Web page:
Gov. Rick Perry Faults Obama for Standoff

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    NEWSLETTERS

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    Texas Gov. Rick Perry said Friday that President Barack Obama and congressional Democrats are to blame for the standoff in Washington that has led to a partial government shutdown, but he also urged lawmakers to recognize that a long-term stalemate could damage the nation's financial health.

    "Both sides have to realize that it's not in their best interest to allow for a degrading of the American credit," Perry said in an interview.

    The Texas Republican, who is considering a 2016 White House run, depicted the president and Senate Majority Leader Harry Reid as obstructionists as Washington lawmakers appeared headed for a weekend of squabbling.

    "This is on him," Perry said of Obama. "He refuses to lead."

    In Washington, where a midmonth deadline loomed for averting a first-ever default, Democrats held to their position of agreeing to negotiate on the budget only after the government is reopened and the $16.7 trillion debt limit is raised. Meanwhile, Republicans ramped up calls for cuts in federal benefit programs and future deficits after earlier insisting on defunding the health care overhaul in exchange for re-opening government.

    The Democratic president "is the leader of this county," Perry said. It "sends a very bad message."

    He credited Republican House Speaker John Boehner with proposing legislative remedies but faulted Obama and Reid for "saying no, no, no."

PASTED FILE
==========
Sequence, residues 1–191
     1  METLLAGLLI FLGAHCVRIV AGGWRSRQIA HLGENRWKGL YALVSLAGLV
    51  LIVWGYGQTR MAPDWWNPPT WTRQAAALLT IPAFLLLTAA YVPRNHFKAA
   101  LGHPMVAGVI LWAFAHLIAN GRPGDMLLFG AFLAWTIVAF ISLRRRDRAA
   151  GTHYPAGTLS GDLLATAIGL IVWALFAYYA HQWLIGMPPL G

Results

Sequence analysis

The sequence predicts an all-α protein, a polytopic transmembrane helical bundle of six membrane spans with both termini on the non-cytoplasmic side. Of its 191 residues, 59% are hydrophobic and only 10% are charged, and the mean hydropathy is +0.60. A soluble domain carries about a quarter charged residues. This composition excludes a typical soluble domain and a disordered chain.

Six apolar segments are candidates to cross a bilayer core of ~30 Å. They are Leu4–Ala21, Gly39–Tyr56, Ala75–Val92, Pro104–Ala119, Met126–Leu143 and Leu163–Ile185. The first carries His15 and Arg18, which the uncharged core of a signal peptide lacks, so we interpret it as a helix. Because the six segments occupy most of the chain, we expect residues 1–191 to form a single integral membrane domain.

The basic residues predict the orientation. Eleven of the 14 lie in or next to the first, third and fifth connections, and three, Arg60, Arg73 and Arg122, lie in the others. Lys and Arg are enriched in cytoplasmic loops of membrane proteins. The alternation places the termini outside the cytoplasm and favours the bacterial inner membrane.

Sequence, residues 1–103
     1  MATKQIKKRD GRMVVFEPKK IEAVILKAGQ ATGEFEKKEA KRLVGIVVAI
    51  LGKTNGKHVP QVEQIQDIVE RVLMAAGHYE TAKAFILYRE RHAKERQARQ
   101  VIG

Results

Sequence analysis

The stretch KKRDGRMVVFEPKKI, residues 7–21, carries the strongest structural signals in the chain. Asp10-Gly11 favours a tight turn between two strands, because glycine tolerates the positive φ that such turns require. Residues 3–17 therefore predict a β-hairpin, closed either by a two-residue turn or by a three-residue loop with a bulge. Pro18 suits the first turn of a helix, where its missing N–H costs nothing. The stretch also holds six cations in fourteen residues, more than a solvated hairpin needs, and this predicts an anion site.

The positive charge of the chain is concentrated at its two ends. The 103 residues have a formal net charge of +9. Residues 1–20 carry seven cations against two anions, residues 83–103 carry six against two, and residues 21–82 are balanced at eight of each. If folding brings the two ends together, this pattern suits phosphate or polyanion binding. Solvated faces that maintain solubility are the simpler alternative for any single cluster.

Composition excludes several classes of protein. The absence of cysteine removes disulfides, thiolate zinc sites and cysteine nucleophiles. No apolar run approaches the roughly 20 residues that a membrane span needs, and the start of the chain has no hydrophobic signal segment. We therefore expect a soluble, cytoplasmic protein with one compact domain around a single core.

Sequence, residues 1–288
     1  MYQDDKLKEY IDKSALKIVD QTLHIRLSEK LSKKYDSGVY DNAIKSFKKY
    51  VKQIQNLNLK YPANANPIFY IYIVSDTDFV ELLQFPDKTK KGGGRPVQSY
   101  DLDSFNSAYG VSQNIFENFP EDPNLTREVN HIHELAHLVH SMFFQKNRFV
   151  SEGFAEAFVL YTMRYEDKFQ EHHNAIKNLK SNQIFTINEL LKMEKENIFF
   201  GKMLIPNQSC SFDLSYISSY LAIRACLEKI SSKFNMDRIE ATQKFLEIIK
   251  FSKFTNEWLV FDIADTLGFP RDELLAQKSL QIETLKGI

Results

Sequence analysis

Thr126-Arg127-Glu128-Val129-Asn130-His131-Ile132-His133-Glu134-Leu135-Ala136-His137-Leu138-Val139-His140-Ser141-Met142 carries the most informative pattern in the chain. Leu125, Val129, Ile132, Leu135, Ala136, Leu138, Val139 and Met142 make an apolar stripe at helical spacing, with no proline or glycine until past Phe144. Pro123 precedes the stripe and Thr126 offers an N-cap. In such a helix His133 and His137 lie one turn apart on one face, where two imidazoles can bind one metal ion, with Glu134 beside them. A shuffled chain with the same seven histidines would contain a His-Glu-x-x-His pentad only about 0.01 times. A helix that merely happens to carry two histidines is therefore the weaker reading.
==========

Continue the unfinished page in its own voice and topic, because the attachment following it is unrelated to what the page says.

Perry traveled to California to attend the state's Republican Party convention, where he is scheduled to deliver a keynote speech Saturday. Meeting with reporters, he urged California businesses to consider moving to Texas where taxes are lower -- a pitch he made earlier this year.

    He depicted Democratic-tilting California, home to Silicon Valley and the world's ninth largest economy, as a state shackled by high taxes and big-government regulation. But he also pivoted at times, praising the state's reputation for innovation.

    Perry has traveled to a handful of states attempting to lure jobs to Texas, which has led to criticism that he is attempting to raise his national profile for a possible White House run.

    The governor said he plans to decide next year, or possibly later, whether to enter the presidential race. One thing he said he learned from his last run, which ended when he pulled out of the GOP primary after shaky debate appearances: "Get in early."

    Perry also tempered a remark he made earlier this week in New Jersey, when he said the implementation of the president's national health care overhaul was "a criminal act." Perry said Friday that he used the word figuratively.

    He also praised a fellow Texan, former President Lyndon B. Johnson, who was known for his strong-arm negotiating in Congress and the White House.

    "He knew how to negotiate," Perry said, suggesting that Johnson would never have allowed a government shutdown to occur. "He knew how to go cut a deal."